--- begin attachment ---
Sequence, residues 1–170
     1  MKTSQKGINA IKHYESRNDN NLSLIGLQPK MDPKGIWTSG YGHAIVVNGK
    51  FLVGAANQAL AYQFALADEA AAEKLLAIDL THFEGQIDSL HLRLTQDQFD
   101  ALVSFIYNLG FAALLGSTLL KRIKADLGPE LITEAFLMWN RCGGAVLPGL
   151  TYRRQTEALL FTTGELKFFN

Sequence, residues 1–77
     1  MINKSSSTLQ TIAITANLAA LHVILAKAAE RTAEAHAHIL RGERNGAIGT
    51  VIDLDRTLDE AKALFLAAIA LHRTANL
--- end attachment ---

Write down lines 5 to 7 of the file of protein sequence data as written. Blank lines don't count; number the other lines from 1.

   151  TYRRQTEALL FTTGELKFFN

Sequence, residues 1–77
     1  MINKSSSTLQ TIAITANLAA LHVILAKAAE RTAEAHAHIL RGERNGAIGT